Life can get lonely, especially in moments of hectic schedules, deadlines, intense relationship stress, or, like now, during self isolation due to the COVID-19 outbreak. While it might be possible to retain a secure sense of self and healthy relationships with ourselves a majority of the time, even the best of us get caught up in our emotions, unable to see the light at the end of the tunnel.
Some of us have lost support systems due to breakups, divorces, immigration, death or illness, or financial disaster. When someone in our life no longer is able to provide for us emotionally, it can often feel like we are losing a part of ourselves, like our world is falling apart.
The American Psychological Association says that “having strong social support can actually make you more able to cope with problems on your own, by improving your self-esteem and sense of autonomy” adding that by casting a wide net and being open to new social interactions we can create a solid network of support. “You don’t need a huge network of friends and family to benefit from social support, however. Some people find camaraderie among just a handful of people, be they co-workers, neighbors or friends from their church or religious institution, for instance.”
If emotional support is something you need right now, it means you must be proactive in seeking support. To help, here is some advice to get you going in the right direction.
Being vulnerable can be tough. None of us wants to admit our weaknesses to anyone, let alone people we know. However, psychologists believe that in order for us to be able to process our emotions we must connect with others. As researcher Brene Brown put it, “Vulnerability is about having the courage to show up and be seen.”
When we are vulnerable, we create intimacy with our peers, which in turn produces a more secure network for sharing emotions and receiving feedback, care, and strength from others during difficult times. As Dr. Margaret Paul writes, “Creating a safe enough environment for intimacy to flourish means that each person needs to take responsibility for creating safety within themselves, as well as safety within the relationship. We do this by practicing acceptance and compassion for ourselves, which will then naturally extend to others.
Attachment theory tells us that the impulse to seek outside support systems are latent behaviors instilled in us during infancy and young adolescence. Our propensity for needing others heavily depends on whether we had reliable guardians growing up. If we were raised with insecure or unreliable attachments, we continue to seek validation and security later in life. Our past pain informs our present drives.
However, this means that everyone’s needs vary, so there is no need to feel embarrassed if you feel you are in need of emotional support. Everyone comes from a different situation and a different level of necessary support. If you feel you are not getting enough, it is important to recognize the deficiency and find ways to become more secure on your own while still building a network of external support.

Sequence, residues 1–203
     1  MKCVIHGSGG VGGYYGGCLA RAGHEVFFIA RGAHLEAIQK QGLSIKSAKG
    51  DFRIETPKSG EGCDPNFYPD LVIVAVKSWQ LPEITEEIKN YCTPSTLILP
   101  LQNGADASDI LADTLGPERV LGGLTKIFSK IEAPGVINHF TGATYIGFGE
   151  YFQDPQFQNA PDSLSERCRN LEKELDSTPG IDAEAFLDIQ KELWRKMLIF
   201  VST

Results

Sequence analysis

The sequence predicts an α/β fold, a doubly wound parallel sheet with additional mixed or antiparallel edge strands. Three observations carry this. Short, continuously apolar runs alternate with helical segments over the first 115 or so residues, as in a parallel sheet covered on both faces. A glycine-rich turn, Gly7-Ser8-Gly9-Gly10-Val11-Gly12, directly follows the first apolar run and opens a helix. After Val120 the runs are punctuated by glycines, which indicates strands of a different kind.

Dr. Lisa Firestone suggests that we 1) ask for what we need, 2) be willing to expose our feelings, 3) say what we want, and 4) slow down and be present. She says this will help us evaluate our current situation and create a plan moving forward, whether that be towards professional help or strengthening current relational supports.
When we are sick, we see our PCP. When we have a broken bone, we see a doctor at a hospital to get a cast. When we need help with our taxes, we see an accountant or a tax professional. But when we are mentally unwell, many people do not consider going to a therapist as part of their solution.
In reality, therapy is there to help us sort out our thoughts. Therapists aid us by hearing our stories and directing us to build constructive and consistent narratives surrounding difficult life circumstances. Positive behavioral therapy can make a huge difference to our lives, even if we only go one hour a week.
Centers like the Harmony treatment center, a clinic dedicated to the treatment of mental illness and restoration of balance and well being, as well as depression treatment using Transcranial Magnetic Stimulation (TMS), can be incredibly effective in confronting even our most difficult thinking patterns.
Behavior Psychologists often attempt to instill security in their patients, allowing for a strong sense of self (self-permanence) and the ability to see beyond momentary struggles.
As experts in human behavior, psychologists can help you develop strategies to manage stress and improve your social skills. Use the APA’s Psychologist Locator Service to find a psychologist in your area. You can also visit www.mentalhealth.gov, a website of the U.S. Department of Health & Human Services that offers resources in English and Spanish.
One of the most difficult parts about seeking help for mental illness is finding the right source and the right therapist. Not only is GRW Health a great resource, but sites like Psychology Today’s Find a Therapist directory can help you search online for local therapists who are closest to you, handle your particular disorders or life circumstances, and are able to take your insurance plan.
Don’t wait until things get black. It is much better to own up to your mental state, reach out, and start heading towards a brighter future.